Recommended immunizations for all travelers include Hepatitis A and B, Tetanus, and Typhoid fever. Protection from malaria is recommended if you are traveling to jungle regions and you should consult your physician about which malaria medication is best suited for you. Information on vaccinations and other health precautions, such as safe food and water precautions and insect bite protection, may be obtained from the CDC’s Internet site at

The international access code for Peru is +51, and the outgoing code is 00, followed by the applicable country code (e.g. 0044 for the UK). City/area codes are utilized, e.g. (0)1) for Lima. A mobile phone operator provides a GSM 1900 network with coverage limited to major towns and cities. Peru is well connected to the Internet with a proliferation of inexpensive Internet kiosks, called cabinas pública, available on street corners in most towns and cities.

The standard electrical current generated is 220 volts at 60Hz (Arequipa 50Hz). Two-pin, flat blade and round plugs are the standard.

Make two copies of documents such as your tickets, passport, visas and travelers’ cheques. Keep one with you in a separate place from the original and leave another copy with someone at home.
Make sure that you inform your credit card company as well as your bank that you will travel internationally into South America. This will eliminate any credit card holds for fraudulent activity.

Carrying cash, an ATM or traveler’s check card is recommended. You should also have a credit card that can be used for cash advances in case of emergency is advisable. The best places to exchange money are normally bureau de change, which are fast, have longer hours and often give slightly better rates than banks. Local currency is Peruvian Nuevo Sol (PEN), and it is advised to carry hard notes of USD. Better hotels, lodges, and camps might accept credit cards, however it is advised to withdraw cash when visiting remote areas and villages.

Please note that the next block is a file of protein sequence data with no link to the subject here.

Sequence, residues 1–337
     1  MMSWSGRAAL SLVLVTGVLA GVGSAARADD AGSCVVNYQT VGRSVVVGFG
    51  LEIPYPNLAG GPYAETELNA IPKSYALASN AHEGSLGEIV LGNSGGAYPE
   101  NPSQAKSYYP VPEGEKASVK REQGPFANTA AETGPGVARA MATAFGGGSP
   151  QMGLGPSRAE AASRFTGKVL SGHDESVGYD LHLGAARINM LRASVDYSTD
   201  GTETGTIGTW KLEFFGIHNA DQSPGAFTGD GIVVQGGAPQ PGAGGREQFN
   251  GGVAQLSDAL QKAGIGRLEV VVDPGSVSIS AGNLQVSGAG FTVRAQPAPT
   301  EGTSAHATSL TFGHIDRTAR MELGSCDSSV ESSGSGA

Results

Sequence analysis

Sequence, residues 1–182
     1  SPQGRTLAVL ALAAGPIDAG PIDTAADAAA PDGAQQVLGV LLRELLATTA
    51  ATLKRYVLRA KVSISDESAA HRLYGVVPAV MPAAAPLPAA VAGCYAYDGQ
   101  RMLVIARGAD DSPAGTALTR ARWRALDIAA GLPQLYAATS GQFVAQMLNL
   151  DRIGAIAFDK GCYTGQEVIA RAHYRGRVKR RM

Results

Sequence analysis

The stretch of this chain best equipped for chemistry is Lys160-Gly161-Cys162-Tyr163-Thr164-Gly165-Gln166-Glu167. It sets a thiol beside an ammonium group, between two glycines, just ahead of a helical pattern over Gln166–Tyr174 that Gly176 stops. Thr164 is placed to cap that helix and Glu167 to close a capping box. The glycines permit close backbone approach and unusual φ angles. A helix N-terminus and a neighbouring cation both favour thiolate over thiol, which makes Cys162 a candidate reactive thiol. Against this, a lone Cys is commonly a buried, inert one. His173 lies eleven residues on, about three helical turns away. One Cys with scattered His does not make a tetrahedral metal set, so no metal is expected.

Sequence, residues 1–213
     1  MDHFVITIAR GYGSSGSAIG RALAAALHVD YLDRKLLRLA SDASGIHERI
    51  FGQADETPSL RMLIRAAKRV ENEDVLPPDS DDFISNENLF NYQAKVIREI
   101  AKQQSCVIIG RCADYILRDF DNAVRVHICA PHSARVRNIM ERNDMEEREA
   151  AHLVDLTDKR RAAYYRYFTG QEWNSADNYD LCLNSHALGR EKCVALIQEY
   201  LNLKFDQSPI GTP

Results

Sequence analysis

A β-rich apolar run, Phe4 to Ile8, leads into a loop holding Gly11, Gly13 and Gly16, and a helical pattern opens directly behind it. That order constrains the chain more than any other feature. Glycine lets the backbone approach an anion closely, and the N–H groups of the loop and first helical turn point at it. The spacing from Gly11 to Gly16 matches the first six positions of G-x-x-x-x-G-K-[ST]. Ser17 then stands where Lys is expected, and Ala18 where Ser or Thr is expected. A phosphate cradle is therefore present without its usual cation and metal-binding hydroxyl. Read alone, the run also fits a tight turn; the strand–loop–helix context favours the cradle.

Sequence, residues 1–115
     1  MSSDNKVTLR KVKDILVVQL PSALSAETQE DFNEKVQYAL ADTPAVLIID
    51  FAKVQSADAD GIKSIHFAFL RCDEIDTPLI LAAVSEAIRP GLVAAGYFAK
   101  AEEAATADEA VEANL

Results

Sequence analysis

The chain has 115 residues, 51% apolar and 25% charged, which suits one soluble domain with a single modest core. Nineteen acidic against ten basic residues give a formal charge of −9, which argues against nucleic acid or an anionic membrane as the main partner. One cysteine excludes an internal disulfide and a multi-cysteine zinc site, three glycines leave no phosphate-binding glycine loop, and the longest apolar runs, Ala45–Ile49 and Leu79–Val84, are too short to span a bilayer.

Peru is a multiethnic country. The population is composed of Amerindians 45%, Mestizos 37%, Europeans 15%, Afro-Peruvians, 2% Asians and others. The Andes are the heart of indigenous populations and white people of Spanish, Italian, British, French, German, Irish, and Croation descent are mostly found on the coast.

Peru’s official language is Spanish but the other predominant languages are Quechua, Aymara and Amazon languages like Urarina.

The population’s religious affiliation includes 81.3% Roman Catholic, and 2.5% Evangelical. Other religions comprise 3.3%, and the remaining 2.9% are unspecified.

Peru is currently a constitutional republic after centuries of Spanish rule.

Peru has one of the strongest and fastest-growing economies in South America. The country is an emerging market-oriented economy characterized by a high volume of foreign trade. With all of this, there is still a high level of social and economic inequality. The economy is diversified, and although commodity exports are important, trade and industry are still centralized in Lima with the agricultural exports creating development in all the regions. Peru’s main exports are copper, gold, zinc, textiles, and fish meal. Peru agricultural exports are highly appreciated and include artichokes, grapes, avocados, mangoes, peppers, sugarcane, organic coffee and premium cotton. Peru has extensive coca leaf cultivation, and even as the government implements measures to reduce production and trafficking of narcotics, the industry is still valued at $300-$600 million.